In the first book of his Meditations Marcus praises his parents and grandparents, his tutors, the philosophers, and his adopted emperor father and all his friends and associates for their stoic qualities, showing his gratefulness, thankfulness, and humility, crediting his own good qualities not to his own intellect but those who so assiduously taught him through words and by example. By listing their qualities Marcus is also telling us the qualities we should all aspire to in our daily lives.
Marcus Aurelius advises us in Book II to “begin the morning by saying to yourself, I shall meet with the busybody, the ungrateful, arrogant, deceitful, envious, unsocial. All these things happen to them because they are ignorant of what is good and evil. . . I can neither be injured by any of the, for no one can fix on me what is ugly, nor can I be angry with my kinsman, nor hate him.”
What is the message? When we act in love to our neighbor, that we should not be shocked by the lack of appreciation or recognition of our virtue, but rather we should not be shocked or surprised when our neighbor returns evil for good, disdain for kindness, gossip for friendship, envy for love.
Marcus Aurelius continues, “Every moment think steadily as a Roman to do what you need to do with perfect and simple dignity and feeling of affection and freedom and justice,” lifting the weight of all other thoughts from your shoulders. How can you do this? By living every day of your life as if it were your last, living your life by the rules of reason, “laying aside all carelessness, hypocrisy, self-love,” being content with what you have.
“Since it is possible that you might depart from life this very moment, regulate every act and thought accordingly.” Like Epictetus, Marcus Aurelius believes in a type of henotheism, or maybe a monotheistic polytheism, when he ponders whether the gods exist, and if they do exist, whether notice or care what man does. “But in truth they do exist, and they do care for human things, and they have put all the means in man’s power to enable him not to fall into real evils.”
Like all Stoic philosophers, Marcus Aurelius never asks why bad things happen to good people, why the virtuous suffer while the evil prosper, how God can permit suffering in a perfect world. Not only are these questions never asked by the stoics, these questions would have been absurd. Marcus Aurelius is aware that “good and evil happen indiscriminately to the good and the bad.” Furthermore, “death and life, honor and dishonor, pain and pleasure – all these things happen equally to good men and bad, being things which make us neither better nor worse. Therefore, they are neither good nor evil.” The Stoics never only ask why bad things happen to good people, rather they ask, bad things happen to both good people and bad, good things happen to both bad and good people, sometimes more, sometimes less, so what? If you are poor, be virtuous in your poverty, if you are rich, be virtuous in your wealth, always be generous, you can live a virtuous life regardless of your station in life.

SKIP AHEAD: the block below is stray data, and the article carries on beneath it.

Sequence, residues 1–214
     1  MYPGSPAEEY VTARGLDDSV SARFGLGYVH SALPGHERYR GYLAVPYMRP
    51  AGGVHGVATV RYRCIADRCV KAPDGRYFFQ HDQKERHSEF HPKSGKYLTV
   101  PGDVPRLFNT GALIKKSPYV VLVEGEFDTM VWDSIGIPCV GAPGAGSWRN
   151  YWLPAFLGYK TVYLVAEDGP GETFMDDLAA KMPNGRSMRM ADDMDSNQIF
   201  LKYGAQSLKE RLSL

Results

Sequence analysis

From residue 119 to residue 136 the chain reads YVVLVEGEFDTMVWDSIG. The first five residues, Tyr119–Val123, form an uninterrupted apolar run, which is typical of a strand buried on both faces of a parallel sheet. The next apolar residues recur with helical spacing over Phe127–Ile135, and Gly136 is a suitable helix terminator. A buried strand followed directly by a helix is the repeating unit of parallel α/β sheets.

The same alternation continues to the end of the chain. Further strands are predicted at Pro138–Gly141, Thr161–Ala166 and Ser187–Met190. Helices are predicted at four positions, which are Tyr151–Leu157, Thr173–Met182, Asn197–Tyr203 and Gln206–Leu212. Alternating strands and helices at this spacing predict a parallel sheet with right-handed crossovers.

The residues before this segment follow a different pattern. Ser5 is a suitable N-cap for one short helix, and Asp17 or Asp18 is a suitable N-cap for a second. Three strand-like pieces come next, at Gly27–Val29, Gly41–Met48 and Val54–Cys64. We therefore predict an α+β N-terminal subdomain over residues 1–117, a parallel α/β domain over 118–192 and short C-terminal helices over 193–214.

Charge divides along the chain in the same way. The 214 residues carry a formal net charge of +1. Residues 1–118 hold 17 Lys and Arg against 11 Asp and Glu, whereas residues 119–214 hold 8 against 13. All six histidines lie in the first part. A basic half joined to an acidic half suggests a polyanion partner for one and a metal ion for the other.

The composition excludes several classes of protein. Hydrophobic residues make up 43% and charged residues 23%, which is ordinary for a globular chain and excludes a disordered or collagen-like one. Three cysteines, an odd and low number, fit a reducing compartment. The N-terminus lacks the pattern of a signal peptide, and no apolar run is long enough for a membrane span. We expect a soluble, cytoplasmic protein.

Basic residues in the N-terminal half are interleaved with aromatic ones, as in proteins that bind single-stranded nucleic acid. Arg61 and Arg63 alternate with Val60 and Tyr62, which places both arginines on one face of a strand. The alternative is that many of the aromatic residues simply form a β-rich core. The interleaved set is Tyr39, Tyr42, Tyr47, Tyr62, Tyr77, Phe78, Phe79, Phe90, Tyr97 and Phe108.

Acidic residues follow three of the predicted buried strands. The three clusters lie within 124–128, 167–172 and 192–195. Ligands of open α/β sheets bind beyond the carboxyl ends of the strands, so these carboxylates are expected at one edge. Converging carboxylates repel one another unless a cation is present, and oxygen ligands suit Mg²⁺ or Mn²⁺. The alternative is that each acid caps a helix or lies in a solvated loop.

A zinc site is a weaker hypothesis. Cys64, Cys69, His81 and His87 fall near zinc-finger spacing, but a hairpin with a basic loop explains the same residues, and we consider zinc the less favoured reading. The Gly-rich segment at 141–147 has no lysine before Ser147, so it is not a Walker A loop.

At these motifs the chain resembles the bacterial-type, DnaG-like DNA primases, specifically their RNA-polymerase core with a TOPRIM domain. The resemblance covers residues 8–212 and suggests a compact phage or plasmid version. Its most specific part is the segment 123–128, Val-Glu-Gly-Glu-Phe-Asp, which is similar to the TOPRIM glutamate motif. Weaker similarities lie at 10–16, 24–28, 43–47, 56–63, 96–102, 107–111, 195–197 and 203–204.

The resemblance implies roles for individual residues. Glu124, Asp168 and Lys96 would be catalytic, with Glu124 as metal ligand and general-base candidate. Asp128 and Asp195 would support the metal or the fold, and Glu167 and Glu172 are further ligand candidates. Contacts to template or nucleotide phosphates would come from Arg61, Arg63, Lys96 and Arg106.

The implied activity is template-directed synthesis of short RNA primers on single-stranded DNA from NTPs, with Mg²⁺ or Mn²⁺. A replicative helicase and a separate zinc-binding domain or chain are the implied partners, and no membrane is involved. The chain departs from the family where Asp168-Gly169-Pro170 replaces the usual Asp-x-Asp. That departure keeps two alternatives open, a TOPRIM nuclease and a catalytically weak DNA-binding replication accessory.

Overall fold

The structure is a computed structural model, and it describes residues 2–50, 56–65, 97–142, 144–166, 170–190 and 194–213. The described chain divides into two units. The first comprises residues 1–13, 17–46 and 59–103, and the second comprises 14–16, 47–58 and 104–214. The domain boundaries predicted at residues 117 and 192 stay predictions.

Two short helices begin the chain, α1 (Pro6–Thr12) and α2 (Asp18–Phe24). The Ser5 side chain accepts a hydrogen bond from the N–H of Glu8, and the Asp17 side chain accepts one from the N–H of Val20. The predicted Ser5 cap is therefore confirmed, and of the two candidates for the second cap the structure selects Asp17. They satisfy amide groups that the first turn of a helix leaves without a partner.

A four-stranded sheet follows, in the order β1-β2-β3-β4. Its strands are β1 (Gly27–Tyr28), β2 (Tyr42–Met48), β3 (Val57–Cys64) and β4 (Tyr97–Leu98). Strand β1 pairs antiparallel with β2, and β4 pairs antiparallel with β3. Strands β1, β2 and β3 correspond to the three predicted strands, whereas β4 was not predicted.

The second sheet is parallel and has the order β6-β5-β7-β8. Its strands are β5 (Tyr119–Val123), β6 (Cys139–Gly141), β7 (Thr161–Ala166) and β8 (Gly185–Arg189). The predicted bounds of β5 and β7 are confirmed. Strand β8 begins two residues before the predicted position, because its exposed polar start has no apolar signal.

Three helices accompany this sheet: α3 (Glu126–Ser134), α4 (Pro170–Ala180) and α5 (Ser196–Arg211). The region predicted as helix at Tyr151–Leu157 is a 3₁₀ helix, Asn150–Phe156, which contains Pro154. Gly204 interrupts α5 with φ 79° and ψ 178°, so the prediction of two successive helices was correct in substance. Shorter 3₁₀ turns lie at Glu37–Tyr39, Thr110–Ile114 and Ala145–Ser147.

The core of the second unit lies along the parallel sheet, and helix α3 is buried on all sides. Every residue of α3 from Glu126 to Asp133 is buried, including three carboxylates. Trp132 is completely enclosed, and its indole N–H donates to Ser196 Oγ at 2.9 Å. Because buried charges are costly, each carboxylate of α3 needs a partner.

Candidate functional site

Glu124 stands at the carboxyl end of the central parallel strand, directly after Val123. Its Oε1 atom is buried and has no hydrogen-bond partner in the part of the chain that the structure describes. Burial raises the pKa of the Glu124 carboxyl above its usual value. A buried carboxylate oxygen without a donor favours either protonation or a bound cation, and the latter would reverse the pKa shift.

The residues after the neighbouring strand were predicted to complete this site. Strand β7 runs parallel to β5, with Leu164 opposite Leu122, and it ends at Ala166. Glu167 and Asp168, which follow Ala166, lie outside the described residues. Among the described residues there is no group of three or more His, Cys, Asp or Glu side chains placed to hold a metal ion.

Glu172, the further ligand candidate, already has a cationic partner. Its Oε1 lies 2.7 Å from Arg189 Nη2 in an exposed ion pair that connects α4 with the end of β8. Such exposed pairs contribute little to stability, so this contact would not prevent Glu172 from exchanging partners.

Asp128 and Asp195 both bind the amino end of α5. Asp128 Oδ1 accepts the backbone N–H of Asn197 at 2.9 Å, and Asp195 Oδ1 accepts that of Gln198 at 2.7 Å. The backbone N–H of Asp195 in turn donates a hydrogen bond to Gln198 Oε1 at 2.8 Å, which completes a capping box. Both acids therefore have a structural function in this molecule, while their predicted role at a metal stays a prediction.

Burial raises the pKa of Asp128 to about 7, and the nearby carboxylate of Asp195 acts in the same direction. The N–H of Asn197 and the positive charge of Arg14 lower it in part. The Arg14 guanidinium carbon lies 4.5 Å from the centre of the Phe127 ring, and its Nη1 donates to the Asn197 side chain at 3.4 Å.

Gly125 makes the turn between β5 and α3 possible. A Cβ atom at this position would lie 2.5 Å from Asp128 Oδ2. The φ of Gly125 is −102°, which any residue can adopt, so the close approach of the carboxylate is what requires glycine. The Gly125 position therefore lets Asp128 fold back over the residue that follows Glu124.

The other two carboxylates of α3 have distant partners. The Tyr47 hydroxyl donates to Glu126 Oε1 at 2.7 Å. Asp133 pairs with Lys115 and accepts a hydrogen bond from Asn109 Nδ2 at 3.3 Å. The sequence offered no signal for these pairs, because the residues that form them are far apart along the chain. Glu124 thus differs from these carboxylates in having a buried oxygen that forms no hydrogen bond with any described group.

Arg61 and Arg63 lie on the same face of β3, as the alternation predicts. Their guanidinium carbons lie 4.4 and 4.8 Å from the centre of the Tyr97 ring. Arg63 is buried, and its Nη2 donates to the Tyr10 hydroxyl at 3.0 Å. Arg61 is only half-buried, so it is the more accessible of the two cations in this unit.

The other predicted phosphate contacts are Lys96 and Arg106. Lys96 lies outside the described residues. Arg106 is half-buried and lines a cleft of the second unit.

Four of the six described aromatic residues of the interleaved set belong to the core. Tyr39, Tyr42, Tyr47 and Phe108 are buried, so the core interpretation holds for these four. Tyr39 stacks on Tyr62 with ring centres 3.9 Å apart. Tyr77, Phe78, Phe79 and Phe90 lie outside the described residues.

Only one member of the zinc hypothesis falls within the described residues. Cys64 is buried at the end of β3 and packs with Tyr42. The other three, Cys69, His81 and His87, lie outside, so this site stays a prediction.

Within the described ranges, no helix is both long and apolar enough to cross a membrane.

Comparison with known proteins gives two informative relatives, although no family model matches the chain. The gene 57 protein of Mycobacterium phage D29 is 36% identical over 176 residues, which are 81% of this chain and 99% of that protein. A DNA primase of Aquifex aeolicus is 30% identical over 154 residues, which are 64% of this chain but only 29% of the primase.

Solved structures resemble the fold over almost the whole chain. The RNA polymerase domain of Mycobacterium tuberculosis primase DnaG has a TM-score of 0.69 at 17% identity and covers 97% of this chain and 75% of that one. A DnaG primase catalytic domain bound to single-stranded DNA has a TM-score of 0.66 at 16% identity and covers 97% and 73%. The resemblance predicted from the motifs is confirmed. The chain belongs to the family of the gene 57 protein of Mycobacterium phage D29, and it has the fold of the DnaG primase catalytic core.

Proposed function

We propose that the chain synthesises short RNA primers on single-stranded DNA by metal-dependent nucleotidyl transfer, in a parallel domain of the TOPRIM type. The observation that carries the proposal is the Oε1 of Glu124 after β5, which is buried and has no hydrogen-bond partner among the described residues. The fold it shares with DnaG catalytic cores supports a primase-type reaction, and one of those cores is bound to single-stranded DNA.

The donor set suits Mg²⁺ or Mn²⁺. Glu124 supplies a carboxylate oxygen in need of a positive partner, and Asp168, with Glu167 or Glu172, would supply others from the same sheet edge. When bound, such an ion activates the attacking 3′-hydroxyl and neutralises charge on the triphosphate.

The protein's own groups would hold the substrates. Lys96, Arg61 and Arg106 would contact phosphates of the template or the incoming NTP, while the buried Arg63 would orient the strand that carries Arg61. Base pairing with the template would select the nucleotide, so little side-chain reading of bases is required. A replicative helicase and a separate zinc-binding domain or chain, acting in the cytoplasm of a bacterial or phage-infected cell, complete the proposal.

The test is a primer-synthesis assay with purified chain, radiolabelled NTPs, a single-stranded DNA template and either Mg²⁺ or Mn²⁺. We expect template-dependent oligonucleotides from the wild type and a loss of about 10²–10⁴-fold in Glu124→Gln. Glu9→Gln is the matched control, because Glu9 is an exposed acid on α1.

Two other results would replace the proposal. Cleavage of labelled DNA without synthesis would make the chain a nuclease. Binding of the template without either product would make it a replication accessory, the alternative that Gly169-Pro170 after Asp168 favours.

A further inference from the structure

Like all Stoic philosophers, Marcus Aurelius does not focus on the nature of the soul, of what life is like in the afterworld, and certainly does not ponder whether our good deeds in this world will be rewarded in the next. In Greek myth the souls of the deceased, good and bad, are but shades dreamily drifting about in the dark waters of the underworld, scarcely aware of their existence. The “Meditations” meditates on this question for a whole paragraph, concluding that “the souls after subsisting for some time are transmuted and diffused,” and are diffused into the universe “to make room for the fresh souls that come to dwell here.” Not only do the Meditations not mention the possibility of rewards in the hereafter, but it does not even offer hope that the hereafter will last for long.